Mark Schultz is a master at crafting lyrics, telling small stories with big implications, theologizing in every day language, laying down pristine vocals, and musically precise tracks. His latest release All Things Possible has all that, and then some: it’s pure pop/rock exuding a retro-feel in a modern wrapper, or possibly vice versa.
As usual, Mark covers a lot of lyrical ground (From a child with an untreatable illness (“One Day,”) to a broken marriage and a shattered family rescued by love (“Love Walked In”), to hope in the face of desperate circumstances (“It is Well,” “Be Still”), to being shaped by the media’s expectations into a “fake” persona (“More to You Than This”)—of course there is also a revelation of God’s character (loving, faithful, forgiving, strong and mighty) and abundant hope throughout. Mark squeezes more lyrical content into one song, than some writers do in a whole album.
For the most part, All Things Possible follows modern rock’s obligatory course of intro with big swirling guitars, up close for the verse, kick it up with percussion, volume and background vocals on the chorus, pull back for a close-up, lower the volume and then ascend to a crescendoed ending. The title track (and radio single) could easily be adapted to congregational worship, as could its follow up “It Is Well” (both co-writes with Seth Mosley, the former including Tony Woods on writing credits). Most songs are more suited to personal listening although many of these songs have a place as featured music in the congregational setting with their encouraging/insightful focus and affirmation of God’s love and constancy.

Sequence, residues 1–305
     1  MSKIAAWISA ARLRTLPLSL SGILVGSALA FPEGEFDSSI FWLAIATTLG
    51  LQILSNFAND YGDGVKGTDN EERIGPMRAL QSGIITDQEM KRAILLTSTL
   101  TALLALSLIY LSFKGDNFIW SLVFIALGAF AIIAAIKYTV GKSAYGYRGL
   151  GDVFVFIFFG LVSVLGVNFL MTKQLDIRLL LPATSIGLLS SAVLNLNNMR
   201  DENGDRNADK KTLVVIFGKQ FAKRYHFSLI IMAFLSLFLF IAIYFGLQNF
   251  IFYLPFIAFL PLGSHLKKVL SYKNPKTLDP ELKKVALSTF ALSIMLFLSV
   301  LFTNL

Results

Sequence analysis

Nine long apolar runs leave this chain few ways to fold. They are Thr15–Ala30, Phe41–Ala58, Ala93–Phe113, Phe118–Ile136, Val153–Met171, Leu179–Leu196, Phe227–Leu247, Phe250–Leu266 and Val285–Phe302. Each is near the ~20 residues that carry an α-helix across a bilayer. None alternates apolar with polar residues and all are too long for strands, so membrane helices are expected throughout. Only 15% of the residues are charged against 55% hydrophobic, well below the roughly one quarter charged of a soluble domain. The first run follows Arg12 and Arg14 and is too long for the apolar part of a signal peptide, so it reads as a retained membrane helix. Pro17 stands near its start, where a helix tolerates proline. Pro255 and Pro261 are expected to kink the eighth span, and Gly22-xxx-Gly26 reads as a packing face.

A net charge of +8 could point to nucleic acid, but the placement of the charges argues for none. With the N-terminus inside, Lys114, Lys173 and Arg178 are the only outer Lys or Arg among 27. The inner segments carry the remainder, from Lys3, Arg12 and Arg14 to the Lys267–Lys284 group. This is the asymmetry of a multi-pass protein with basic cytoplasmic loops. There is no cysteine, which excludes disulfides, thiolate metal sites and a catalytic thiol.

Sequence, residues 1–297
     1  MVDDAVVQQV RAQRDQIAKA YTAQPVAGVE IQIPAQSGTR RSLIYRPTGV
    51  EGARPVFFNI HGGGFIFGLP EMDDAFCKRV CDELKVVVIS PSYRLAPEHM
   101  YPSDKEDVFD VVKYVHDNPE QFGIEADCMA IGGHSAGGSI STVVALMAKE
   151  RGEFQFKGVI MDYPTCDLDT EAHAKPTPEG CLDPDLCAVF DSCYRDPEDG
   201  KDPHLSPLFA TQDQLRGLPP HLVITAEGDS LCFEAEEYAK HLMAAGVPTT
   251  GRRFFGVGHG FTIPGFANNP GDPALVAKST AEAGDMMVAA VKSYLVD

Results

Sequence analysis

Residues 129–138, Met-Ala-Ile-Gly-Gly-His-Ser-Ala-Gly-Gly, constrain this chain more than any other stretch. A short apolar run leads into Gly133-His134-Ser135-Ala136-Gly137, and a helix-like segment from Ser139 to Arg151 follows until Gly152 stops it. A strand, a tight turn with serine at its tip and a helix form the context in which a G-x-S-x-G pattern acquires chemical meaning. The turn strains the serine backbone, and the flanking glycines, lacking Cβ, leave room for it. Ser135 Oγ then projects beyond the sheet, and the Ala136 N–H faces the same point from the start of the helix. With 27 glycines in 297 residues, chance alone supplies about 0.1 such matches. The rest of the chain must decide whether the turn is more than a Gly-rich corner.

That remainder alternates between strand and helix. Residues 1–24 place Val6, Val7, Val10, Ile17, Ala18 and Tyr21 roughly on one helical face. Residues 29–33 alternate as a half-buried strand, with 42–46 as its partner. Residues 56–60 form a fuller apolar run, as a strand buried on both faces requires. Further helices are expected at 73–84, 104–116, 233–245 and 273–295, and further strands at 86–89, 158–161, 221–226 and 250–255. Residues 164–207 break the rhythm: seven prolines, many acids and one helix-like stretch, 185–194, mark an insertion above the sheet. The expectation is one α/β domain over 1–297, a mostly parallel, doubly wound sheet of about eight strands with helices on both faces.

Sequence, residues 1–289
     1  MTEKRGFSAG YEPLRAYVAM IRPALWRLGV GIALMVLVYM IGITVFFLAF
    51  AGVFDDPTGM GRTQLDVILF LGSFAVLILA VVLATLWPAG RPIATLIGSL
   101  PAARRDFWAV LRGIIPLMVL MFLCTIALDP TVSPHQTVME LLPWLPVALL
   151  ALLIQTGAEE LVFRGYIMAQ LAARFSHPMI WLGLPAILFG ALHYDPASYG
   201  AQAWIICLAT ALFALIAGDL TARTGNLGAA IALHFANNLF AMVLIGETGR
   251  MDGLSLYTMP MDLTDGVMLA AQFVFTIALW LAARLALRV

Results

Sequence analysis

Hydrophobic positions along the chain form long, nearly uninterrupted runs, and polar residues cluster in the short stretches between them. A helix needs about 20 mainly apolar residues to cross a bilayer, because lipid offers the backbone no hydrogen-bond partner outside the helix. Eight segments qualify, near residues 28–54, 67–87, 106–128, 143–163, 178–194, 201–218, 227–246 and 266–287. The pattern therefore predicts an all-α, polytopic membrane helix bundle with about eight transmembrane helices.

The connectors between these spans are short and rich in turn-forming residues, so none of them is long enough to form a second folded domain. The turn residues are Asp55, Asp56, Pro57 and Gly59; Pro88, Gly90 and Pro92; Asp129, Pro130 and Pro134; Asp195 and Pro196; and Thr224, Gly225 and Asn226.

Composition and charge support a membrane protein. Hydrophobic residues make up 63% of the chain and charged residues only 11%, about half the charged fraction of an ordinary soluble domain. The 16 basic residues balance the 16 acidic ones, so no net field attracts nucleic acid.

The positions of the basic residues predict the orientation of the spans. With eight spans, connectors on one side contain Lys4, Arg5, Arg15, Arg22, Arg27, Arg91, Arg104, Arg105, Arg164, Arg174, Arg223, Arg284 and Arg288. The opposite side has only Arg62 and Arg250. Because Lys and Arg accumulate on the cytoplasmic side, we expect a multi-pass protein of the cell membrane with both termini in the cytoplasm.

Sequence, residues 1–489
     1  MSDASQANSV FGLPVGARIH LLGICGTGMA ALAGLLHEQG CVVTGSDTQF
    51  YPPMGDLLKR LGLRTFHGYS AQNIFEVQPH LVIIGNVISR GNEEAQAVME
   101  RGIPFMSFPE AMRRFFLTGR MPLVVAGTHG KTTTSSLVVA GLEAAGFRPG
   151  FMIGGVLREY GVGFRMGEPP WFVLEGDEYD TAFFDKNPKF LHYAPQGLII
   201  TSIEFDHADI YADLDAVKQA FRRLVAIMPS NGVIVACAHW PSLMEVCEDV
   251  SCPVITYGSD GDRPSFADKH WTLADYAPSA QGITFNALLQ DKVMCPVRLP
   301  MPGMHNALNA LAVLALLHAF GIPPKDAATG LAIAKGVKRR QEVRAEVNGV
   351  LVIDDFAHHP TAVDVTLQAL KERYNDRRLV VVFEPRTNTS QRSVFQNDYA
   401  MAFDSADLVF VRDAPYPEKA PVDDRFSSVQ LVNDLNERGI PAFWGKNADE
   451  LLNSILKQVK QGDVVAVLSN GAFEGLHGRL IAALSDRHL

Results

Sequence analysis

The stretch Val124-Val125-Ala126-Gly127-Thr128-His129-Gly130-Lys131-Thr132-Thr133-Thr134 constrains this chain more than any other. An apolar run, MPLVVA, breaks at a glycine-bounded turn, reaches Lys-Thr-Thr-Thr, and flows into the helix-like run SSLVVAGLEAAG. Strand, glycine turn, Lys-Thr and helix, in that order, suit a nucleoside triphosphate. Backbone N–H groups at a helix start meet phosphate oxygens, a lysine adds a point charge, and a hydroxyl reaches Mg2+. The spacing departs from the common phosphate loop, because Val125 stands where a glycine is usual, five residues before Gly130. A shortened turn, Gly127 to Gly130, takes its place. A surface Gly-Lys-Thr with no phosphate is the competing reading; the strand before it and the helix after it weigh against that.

Mark has said he usually composes his songs solo on a piano, and one longs for the intimacy that approach would imply in some of these songs. Certain tracks are comforting or encouraging, and the excessive musical accompaniment feels a little off the point. Of course there is a beautiful immediacy found in “I Will Love You Still,” speaking God’s unfathomable, unconditional love and forgiveness and the emotional power of “What Do You Give a King”—both perfect choices for a call to rededication or commitment to Christ.
More: More of Schultz’s fatherly and clear voice in “More to You Than This” offering both exhortation, encouragement and comfort to those confused and entrapped by culture’s message of presentational versus relational existence.
Less: Arrangement predictability. Less production, leaving room for raw emotion and sensitivity and exposing the exceptional lyrical content, less tying everything up with a bow.